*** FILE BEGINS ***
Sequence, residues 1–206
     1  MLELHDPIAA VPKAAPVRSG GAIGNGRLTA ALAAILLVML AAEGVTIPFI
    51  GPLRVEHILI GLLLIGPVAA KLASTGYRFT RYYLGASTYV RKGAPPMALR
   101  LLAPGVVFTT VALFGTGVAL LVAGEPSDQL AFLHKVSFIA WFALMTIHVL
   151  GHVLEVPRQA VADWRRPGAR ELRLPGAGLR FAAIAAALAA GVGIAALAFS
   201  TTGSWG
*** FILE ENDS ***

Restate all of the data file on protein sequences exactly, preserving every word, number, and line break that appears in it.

Sequence, residues 1–206
     1  MLELHDPIAA VPKAAPVRSG GAIGNGRLTA ALAAILLVML AAEGVTIPFI
    51  GPLRVEHILI GLLLIGPVAA KLASTGYRFT RYYLGASTYV RKGAPPMALR
   101  LLAPGVVFTT VALFGTGVAL LVAGEPSDQL AFLHKVSFIA WFALMTIHVL
   151  GHVLEVPRQA VADWRRPGAR ELRLPGAGLR FAAIAAALAA GVGIAALAFS
   201  TTGSWG